Schenectady County

Event brings out Hamilton Hill crowd

Pastor Ted Ward wanted a day to show the better side of Jerry Burrell Park in the city’s Hamilton Hi
Spectators keep beach balls in the air while attending the 2008 WOW Jam at Jerry Burrell Park on Hamilton Hill in Schenectady.
PHOTOGRAPHER:
Spectators keep beach balls in the air while attending the 2008 WOW Jam at Jerry Burrell Park on Hamilton Hill in Schenectady.

Pastor Ted Ward wanted a day to show the better side of Jerry Burrell Park in the city’s Hamilton Hill neighborhood.

The spiritual leader of Koinonia Christian Ministries wanted to show how the park’s reputation for crime could be replaced by peace and unity, even for a few moments. And with a little help from Winning Our World International, he achieved his goal.

Hundreds of Hamilton Hill residents peacefully gathered in the park to celebrate the city’s first WOW JAM Tuesday afternoon. There was booming hip-hop music as people danced and cheered in the park in the heart of the Hill neighborhood.

Ward smiled as he stared across the crowd in front of a makeshift stage mounted on the back of a semi trailer. All around, he said, families were finally enjoying Jerry Burrell the way it was meant to be enjoyed.

“There is unity in the community,” he said.

At the center of the festivities was Stephen Tavani, a former music producer who helped found the WOW JAM in Los Angeles two decades ago. With microphone in hand, Tavani directed a procession of giveaways, where revelers received items from mountain bikes to home tool kits.

Schenectady and Albany were among more than a dozen stops Tavani and his wife — singer Linda Tavani of the popular 1970s band Peaches and Herb — have made around the nation this year. In both cases, he said the event was staged in downtrodden areas of the city, where people are desperately searching for something to believe in.

“We just want to give people hope and bless them,” he said.

Tavani’s mission was joined by Ward and volunteers from Christian ministries throughout Schenectady. They manned tents set up around the park and offered free food and services.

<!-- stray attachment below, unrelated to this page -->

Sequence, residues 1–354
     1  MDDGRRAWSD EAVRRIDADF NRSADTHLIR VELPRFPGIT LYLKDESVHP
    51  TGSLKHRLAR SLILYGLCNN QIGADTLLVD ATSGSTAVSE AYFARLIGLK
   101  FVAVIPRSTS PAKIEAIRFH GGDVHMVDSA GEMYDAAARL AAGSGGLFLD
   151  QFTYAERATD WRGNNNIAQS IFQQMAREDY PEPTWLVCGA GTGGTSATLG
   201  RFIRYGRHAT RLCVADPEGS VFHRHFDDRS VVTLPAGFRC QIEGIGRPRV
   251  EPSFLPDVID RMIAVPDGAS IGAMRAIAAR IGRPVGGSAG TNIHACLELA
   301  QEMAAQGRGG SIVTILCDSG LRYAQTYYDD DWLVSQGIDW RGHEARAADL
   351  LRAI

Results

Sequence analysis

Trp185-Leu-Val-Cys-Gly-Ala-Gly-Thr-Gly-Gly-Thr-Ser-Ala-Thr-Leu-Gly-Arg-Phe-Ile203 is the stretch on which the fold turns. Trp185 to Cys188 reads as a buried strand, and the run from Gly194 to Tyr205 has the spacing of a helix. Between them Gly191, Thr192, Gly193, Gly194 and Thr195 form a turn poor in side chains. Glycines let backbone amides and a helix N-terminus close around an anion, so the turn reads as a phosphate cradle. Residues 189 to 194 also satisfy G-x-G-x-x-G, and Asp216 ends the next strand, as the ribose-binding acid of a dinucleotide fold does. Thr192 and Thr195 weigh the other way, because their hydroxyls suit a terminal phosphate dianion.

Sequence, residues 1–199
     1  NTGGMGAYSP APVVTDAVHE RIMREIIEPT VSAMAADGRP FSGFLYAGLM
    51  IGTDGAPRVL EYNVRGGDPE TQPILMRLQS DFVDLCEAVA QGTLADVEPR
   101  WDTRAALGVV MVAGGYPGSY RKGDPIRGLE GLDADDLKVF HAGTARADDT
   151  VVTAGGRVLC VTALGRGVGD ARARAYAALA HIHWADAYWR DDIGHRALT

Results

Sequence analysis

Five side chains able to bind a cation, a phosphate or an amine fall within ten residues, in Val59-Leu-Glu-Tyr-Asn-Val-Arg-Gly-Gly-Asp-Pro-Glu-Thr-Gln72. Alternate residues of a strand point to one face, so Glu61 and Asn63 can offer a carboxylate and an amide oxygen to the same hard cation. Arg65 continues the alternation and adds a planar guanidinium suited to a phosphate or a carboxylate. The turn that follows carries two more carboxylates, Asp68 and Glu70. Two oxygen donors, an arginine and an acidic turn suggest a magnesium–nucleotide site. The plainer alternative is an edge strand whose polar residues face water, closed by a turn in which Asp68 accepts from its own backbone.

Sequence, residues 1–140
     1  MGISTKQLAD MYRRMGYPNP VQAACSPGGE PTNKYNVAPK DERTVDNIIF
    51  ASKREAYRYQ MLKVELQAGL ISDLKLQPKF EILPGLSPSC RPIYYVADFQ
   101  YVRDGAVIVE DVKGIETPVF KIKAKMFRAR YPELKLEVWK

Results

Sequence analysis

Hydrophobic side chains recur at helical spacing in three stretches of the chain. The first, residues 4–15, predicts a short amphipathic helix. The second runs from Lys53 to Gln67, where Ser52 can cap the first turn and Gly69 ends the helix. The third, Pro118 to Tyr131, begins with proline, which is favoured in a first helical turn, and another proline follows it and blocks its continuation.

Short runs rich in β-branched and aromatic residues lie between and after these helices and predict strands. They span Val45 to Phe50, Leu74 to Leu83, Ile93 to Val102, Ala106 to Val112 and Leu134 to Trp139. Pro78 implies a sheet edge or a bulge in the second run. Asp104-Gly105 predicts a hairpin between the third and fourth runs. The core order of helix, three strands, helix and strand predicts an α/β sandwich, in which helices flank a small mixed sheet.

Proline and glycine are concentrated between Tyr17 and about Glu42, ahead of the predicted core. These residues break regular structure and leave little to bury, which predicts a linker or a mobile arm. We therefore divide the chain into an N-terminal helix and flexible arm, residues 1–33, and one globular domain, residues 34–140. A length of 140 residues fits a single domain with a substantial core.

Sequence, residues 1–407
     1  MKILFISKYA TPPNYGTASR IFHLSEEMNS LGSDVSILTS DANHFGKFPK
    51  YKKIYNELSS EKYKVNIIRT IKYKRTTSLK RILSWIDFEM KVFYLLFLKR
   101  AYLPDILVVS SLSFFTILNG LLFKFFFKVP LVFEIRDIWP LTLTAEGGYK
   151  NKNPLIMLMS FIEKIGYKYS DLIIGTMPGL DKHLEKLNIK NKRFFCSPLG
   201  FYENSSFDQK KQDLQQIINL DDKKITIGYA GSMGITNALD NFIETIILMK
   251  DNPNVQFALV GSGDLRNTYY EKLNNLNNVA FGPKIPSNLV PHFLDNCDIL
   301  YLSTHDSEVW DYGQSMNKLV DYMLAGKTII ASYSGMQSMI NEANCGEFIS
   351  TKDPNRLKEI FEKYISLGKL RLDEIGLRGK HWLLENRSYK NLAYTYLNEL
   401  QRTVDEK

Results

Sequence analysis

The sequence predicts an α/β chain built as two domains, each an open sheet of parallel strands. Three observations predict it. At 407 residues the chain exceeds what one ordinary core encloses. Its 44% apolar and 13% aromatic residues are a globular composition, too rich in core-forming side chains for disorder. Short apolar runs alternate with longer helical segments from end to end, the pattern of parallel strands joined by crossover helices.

“There are some things that are free in life,” Ward said

Sabrina Berghela, a volunteer from Abounding Grace Christian Church, was dispensing career advice and demonstrating areas where unemployed people could search for jobs. She also provided fliers from three Capital Region employers searching for entry-level workers.

“They went so fast I didn’t even have enough to give out,” she said.

Nearby, Juan Hidalgo was among a pair of local barbers giving out free haircuts to a long line of shaggy residents. The stylist in his last week of training at the Jordan Lynn School in Schenectady said he and another student at the school didn’t mind volunteering some time to help out the community.

“We said all right, we’ll go,” he said.

Koinonia Pastor Jesus Ramasour said the event helped bring the mission of the church to the people who most need it. He was thrilled to see the level of participation by faith-based groups and how far they were able to extend their message.

“Churches shouldn’t be about being behind walls,” he said. “Churches should be about being out here in the community.”

The one-day party in the park was in stark contrast to the reputation it has developed in recent years as a haven for criminal activity including murder. Last year, 21-year-old Xavier McDaniel Jr. was shot and killed as he pleaded for his life in broad daylight there.

Earlier this month, Hamilton Hill residents were critical of the Schenectady City Council for its refusal to grant a round-the-clock police patrol for the park. Ward said events like WOW show the community can come together to make the park a better place.

“They say there are drugs and bad things that happen in the park,” he said. “We want to show that people can come together.”

Categories: Schenectady County

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